The ancient settlement was discovered under the path of a controversial new road development, forcing a team of archaeologists to complete a race- against-time excavation.
As the final samples were taken from the 1,400 year-old Drumclay crannog in Enniskillen, Co Fermanagh, experts who oversaw the dig on the manmade wooden island have hailed it as one of the most incredible finds ever in Ireland.
Excavation director Dr Nora Bermingham said: "I think it would be fair to say that this is probably the pinnacle of my archaeological career.
"I would say everybody here knows that they are working on an incredible excavation that we probably won't see the like of again. It's just amazing the material we are finding."
Such expert assessment is part of reason the decision to proceed with the road build has been met with vocal local opposition.
For 10 months archaeologists worked nearly non-stop to peel back century upon century of perfectly preserved remains from the wetland site while the A32 road project was halted.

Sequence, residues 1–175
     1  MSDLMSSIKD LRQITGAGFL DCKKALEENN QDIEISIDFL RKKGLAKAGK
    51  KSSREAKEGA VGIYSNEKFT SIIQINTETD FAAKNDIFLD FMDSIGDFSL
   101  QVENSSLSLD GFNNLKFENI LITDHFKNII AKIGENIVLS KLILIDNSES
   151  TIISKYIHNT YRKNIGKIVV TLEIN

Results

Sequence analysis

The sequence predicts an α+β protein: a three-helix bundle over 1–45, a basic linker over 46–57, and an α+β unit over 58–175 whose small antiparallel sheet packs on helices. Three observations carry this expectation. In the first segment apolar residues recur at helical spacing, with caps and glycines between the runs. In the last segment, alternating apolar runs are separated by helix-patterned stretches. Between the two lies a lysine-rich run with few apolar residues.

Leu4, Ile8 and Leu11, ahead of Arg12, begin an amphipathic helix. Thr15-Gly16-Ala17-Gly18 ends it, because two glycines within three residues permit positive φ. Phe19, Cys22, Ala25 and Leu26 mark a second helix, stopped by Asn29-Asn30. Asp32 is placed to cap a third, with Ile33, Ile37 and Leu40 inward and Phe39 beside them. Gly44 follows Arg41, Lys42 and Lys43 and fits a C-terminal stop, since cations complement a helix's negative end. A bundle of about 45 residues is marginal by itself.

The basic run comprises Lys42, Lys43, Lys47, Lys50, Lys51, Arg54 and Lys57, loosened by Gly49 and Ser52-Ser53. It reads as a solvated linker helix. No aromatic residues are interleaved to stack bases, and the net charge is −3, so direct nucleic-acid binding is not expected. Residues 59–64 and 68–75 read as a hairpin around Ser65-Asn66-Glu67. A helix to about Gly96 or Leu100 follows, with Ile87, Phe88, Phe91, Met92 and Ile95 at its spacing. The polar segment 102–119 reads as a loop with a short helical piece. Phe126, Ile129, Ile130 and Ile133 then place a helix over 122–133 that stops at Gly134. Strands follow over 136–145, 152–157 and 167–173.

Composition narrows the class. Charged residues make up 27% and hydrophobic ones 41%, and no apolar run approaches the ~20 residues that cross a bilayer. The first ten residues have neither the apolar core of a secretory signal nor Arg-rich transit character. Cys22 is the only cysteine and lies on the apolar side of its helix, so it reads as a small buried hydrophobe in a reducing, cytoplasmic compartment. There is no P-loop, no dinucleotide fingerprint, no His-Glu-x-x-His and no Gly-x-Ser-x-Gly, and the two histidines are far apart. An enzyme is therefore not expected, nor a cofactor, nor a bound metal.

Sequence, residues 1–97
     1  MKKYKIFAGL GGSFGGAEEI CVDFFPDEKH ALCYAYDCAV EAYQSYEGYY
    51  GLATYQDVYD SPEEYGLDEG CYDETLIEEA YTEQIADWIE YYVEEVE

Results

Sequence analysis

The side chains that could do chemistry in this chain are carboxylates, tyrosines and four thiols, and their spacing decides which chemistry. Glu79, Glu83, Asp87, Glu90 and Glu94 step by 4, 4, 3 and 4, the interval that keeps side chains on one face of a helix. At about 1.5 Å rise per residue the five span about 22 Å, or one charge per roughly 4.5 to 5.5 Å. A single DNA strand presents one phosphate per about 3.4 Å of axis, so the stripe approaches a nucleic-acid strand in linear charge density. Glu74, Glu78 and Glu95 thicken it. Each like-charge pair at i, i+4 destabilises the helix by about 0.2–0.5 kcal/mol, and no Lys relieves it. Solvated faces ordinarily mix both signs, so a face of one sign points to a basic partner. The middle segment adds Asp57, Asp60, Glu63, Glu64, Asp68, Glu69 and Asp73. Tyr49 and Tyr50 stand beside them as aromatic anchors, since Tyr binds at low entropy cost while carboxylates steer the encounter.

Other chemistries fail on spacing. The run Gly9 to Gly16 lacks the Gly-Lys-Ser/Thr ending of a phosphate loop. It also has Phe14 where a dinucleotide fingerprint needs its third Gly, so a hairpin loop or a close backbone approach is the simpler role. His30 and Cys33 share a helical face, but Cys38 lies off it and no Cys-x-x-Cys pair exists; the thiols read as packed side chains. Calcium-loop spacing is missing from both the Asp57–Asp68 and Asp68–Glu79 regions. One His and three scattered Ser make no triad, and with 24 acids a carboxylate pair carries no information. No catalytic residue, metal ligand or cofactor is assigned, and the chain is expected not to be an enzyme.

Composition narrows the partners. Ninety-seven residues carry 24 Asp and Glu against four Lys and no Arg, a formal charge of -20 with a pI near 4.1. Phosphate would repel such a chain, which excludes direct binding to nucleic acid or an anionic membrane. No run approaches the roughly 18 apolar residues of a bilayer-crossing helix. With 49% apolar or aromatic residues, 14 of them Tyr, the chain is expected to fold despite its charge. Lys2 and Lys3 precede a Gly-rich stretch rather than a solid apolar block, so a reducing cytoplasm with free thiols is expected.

More than 4,000 artefacts, including a medieval board game, a gold ring, finely decorated metal dress pins, leather shoes, drinking vessels and carved bowls, were uncovered inside the flattened wooden homes. Even a 600-year-old human body was found.
The plan is that most will eventually go on public display in Enniskillen once they are studied further and treated with special preservatives.
But after a series of extensions to allow further exploration, the site itself is being reburied – this time under the Cherrymount link road.
The crannog is all but gone, with the wooden structures having been removed section by section.
Heavy plant diggers will return to the site from tomorrow when it is officially handed back to the engineers from the Department of Regional Development's Road Service, which is under pressure to finish before the G8 summit is held in Fermanagh in June.